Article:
Welcome to another World: 

Windsor Historical Society Opens Strong-Howard House

Dining Room and Bedroom


October 5, 1 PM to 4 PM


On Sunday, October 5 from 1:00 - 4 p.m., Windsor Historical Society invites you to the FREE grand re-opening of the newly restored and refurnished dining room and bedroom at the Strong-Howard House.  The new rooms join the hands-on drawing room and store that opened to the public last year.  Step into the world of the Howards in 1810. Since their home has been furnished with reproductions of the items they might have used, you may try out their canopy bed, run your hands over the beautiful carvings on the high chest and pull out its drawers to find items of clothing to try on.  Sit at the dining table set for a fall feast, and converse as guests would have in the Howard’s day.  And of course, enjoy sitting in the drawing room chairs, exploring Captain Howard’s mahogany desk, leafing through some period newspapers and account books, and examining bolts of fine fabric and millinery goods in the Howard’s store.  In our main building, sip punch and sample some period sweets while viewing a PowerPoint presentation on the restoration and refurnishing.  At 1:20, hear from Society staff about the restoration project and view the official ribbon-cutting ceremonies with Windsor Mayor Don Trinks at 1:30.  Try some period games such as graces and rolling hoops and take home a keepsake tour booklet with a discount coupon toward a future admission.  

To set the stage, 1810 was a remarkable year in the history of the nation and for the Howard family.  Retired West Indies Trader Nathaniel Howard and his wife Ann were still keeping a store in their home, despite disruptions to maritime trade from Jefferson’s Embargo Act of 1807 and disruption of river trade north of Hartford due to the completion of a drawbridge at Hartford in April of 1810.  That year, the Howards rejoiced in the marriage of their son George while still mourning the loss of another son and grandson who passed away in 1809.  The senior Howards took in their son George and his bride, their son’s widowed wife Nancy, and their nine-year-old granddaughter Ann.  By year’s end, George and his wife were expecting a child of their own, so much was happening within the walls of this modest home.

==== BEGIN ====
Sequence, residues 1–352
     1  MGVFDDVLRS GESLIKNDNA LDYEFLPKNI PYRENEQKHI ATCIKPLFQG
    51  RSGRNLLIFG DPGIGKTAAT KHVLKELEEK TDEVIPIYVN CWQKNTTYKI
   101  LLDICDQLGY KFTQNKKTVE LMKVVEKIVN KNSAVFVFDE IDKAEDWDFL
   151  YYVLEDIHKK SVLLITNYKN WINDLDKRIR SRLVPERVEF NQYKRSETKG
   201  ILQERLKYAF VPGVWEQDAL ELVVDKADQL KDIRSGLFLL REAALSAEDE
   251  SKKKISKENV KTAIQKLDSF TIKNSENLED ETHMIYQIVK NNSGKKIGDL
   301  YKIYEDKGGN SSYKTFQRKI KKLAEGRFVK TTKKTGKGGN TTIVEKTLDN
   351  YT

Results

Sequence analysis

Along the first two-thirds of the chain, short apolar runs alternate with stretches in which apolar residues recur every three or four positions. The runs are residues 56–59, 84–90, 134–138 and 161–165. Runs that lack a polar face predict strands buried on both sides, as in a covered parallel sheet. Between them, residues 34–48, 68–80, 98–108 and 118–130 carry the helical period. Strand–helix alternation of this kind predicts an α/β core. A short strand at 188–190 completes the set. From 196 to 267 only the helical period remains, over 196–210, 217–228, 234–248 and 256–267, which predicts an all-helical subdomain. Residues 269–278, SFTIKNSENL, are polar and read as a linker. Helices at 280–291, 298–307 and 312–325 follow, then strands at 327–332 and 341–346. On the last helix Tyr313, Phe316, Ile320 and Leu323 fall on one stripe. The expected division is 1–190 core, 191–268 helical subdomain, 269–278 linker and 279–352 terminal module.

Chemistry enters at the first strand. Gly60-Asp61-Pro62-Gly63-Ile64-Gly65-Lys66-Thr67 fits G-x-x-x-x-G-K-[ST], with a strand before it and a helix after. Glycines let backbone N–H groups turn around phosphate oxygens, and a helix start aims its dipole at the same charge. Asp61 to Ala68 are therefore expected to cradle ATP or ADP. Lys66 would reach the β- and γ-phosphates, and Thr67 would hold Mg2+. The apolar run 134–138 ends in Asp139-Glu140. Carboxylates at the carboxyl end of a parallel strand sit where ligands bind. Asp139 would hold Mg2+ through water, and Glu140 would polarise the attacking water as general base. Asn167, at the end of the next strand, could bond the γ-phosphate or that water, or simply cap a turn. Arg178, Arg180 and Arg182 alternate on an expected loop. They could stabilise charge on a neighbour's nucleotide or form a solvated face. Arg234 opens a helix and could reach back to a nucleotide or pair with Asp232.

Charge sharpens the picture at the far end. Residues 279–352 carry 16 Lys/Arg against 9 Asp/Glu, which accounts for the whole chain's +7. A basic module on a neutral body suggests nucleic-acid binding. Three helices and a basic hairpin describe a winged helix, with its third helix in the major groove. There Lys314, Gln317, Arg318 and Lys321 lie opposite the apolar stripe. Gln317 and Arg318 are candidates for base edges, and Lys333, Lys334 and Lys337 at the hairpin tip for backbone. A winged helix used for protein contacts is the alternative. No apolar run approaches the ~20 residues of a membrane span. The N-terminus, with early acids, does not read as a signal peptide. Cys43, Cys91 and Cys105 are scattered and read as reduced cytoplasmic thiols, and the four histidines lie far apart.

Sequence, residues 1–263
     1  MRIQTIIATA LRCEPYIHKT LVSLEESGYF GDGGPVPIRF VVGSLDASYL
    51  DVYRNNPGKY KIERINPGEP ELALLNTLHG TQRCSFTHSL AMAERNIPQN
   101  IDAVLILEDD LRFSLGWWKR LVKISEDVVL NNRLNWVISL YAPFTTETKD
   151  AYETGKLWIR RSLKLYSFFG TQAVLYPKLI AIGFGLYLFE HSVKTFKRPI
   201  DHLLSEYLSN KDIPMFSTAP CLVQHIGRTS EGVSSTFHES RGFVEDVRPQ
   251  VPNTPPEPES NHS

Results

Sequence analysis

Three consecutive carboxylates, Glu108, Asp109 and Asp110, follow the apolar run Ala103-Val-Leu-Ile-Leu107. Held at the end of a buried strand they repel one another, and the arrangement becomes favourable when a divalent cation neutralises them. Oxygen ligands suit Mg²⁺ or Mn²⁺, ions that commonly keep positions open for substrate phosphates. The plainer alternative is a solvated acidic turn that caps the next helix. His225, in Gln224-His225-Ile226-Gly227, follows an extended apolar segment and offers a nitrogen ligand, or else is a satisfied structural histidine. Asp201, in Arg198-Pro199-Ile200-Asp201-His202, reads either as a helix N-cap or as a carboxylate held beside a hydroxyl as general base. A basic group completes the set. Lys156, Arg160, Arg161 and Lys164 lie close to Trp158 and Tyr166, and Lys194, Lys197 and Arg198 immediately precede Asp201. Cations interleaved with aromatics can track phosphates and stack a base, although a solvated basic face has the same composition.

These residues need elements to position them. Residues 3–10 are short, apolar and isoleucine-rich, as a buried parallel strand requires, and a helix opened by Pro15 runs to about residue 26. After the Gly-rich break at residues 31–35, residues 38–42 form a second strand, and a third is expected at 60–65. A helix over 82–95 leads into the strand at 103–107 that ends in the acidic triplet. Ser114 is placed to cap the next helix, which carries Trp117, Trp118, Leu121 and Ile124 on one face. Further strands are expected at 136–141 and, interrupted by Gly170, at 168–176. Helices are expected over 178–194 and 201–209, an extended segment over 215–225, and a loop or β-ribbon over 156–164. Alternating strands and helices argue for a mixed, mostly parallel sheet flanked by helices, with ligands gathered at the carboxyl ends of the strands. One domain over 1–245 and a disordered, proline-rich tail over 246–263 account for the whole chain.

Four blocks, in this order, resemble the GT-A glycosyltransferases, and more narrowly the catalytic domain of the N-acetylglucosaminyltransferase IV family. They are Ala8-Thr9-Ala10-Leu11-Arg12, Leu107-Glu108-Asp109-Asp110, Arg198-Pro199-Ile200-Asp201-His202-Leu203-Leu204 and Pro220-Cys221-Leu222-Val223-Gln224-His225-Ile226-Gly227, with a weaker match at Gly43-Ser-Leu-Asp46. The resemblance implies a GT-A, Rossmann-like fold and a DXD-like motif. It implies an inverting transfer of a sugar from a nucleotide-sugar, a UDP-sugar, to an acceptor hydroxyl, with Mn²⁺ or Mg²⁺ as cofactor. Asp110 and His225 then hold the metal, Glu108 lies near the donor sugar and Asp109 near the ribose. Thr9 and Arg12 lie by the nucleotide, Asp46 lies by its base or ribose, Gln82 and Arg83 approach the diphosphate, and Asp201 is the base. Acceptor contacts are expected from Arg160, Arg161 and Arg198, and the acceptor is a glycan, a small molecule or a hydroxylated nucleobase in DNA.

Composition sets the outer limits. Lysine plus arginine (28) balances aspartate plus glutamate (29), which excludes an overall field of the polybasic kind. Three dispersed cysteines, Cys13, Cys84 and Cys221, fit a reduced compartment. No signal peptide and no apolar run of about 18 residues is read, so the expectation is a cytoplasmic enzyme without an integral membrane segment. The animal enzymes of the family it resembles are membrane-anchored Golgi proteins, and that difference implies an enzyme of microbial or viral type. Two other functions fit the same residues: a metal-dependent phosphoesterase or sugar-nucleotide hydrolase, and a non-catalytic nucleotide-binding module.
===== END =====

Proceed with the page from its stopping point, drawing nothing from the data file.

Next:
Over 200 individuals, businesses, and granting agencies have helped make Phase 1 of the restoration and reinterpretation of the Strong-Howard house possible including Hartford Foundation for Public Giving, Connecticut Humanities, Connecticut Trust for Historic Preservation, Greater Hartford Arts Council, William Harris, Becky and Paul Hendricks, Robert and Dorothy McAllister, Kate and Hugh McLean, Rabbett Insurance, Town of Windsor, Windsor Federal Savings, the 1772 Foundation through the Connecticut Trust for Historic Preservation, and several anonymous donors.  The project will progress over the next year with full completion expected by the end of 2015.


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